21 Inc to Mass-Produce Bitcoin Mining Equipment?

bitcoin mining, bitcoin developer, bitcoin trading

Bitcoin mining may have taken the backseat to other cryptocurrency product developments these days but 21 Inc still focusing on this aspect, as the company announced its plans to mass-produce mining tools. The company recently released new details on their marketing strategy for distributing bitcoin mining chips that can be used in consumer and enterprise devices.

Prior to this, the company has been involved in fine-tuning its operations related to bitcoin payments. However, the secretive San Francisco-based startup seems to have other expansion plans in mind.

Bitcoin Mining Potential

With the amount of bitcoin available for mining slowly dwindling down, mining operations have become increasingly intensive and expensive. Not many are willing to spend on a large high-powered machine in order to mine bitcoin, which has happened to decline in value for the past months.

“Our team has built not just a chip, but a full technology stack around the chip — including reference devices, datasheets, a cloud backend, and software protocols,” announced newly-appointed CEO Balaji Srinivasan. In addition, tech companies such as Cisco and former ARM CSO Mark Templeton have reportedly invested in 21 Inc, paving the way for potential IT-related developments.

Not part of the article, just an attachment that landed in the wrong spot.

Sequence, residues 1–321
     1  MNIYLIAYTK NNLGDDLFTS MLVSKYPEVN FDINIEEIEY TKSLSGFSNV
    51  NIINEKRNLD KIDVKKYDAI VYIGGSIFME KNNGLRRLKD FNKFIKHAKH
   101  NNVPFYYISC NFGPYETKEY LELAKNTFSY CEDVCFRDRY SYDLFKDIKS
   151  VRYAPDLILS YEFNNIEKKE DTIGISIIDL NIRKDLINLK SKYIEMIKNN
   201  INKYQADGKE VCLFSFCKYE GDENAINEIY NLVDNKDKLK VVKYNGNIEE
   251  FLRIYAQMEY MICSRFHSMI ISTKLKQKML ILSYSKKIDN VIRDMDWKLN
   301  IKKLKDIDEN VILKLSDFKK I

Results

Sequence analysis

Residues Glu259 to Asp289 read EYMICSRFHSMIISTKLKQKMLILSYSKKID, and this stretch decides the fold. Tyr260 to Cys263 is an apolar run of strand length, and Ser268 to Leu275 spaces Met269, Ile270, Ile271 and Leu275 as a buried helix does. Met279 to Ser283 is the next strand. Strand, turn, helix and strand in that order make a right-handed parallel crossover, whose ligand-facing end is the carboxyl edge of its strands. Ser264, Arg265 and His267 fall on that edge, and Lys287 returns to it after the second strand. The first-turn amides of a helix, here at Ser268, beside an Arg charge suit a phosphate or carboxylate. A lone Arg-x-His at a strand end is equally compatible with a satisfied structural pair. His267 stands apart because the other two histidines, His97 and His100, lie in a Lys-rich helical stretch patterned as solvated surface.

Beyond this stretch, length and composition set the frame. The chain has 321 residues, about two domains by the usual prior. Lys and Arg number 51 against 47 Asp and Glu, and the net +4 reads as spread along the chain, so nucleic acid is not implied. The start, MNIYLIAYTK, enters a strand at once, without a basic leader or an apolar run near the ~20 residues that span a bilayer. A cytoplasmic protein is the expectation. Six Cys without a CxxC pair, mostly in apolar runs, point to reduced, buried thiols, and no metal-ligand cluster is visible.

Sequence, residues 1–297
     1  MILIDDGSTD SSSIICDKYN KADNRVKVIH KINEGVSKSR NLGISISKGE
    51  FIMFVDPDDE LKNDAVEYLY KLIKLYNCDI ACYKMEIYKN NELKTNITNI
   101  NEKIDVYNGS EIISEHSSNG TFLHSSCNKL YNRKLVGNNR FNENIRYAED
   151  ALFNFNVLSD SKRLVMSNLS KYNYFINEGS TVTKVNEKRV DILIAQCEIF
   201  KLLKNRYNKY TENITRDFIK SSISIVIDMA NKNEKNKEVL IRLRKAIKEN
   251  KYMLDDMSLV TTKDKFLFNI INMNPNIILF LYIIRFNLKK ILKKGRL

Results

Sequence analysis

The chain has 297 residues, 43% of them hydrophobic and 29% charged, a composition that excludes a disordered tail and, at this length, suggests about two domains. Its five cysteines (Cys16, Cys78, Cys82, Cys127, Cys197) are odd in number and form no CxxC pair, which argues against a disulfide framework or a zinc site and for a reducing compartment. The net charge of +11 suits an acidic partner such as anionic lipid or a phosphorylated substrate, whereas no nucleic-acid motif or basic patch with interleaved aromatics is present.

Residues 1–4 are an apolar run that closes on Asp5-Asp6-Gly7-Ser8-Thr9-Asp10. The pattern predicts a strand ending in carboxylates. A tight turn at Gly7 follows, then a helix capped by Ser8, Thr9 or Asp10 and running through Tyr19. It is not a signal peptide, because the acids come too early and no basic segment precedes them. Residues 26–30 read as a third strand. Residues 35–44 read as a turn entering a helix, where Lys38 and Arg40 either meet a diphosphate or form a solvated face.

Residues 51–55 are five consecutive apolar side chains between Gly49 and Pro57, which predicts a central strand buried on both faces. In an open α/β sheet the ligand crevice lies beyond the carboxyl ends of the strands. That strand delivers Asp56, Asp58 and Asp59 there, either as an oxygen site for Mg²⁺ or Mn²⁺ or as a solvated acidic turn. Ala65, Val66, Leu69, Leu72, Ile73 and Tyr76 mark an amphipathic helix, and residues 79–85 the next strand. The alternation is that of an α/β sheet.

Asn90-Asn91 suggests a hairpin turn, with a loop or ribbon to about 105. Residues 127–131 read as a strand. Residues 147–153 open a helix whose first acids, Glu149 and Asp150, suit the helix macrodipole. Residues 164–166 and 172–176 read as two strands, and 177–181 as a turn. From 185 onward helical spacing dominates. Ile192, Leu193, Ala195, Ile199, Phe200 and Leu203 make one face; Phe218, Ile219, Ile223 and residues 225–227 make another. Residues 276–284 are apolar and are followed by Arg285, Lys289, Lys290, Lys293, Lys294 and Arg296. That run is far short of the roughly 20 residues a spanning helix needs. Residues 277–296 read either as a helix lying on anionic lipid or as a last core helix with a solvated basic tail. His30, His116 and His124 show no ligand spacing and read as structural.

Aside from that, it was rumored that 21 Inc already started to ship development kits featuring its embeddable ‘BitShare’ bitcoin mining chip. 21 Inc had previously been involved in talks with companies including Advanced Micro Devices (AMD), Comcast and Intel to embed the chips. However, the company hasn’t immediately responded to any requests for comment.

Note though that 21 Inc confirmed it will seek to use its chips to onboard consumers to the bitcoin network. This could be accomplished by pairing consumers with large entities in a larger mining pool that would split the proceeds from any payouts received. “We believe the most significant long-term application of bitcoin may be reducing the upfront cost of internet-connected devices to make them more accessible for the developing world,” Srinivasan said.


Subscribe to our newsletter



Related Posts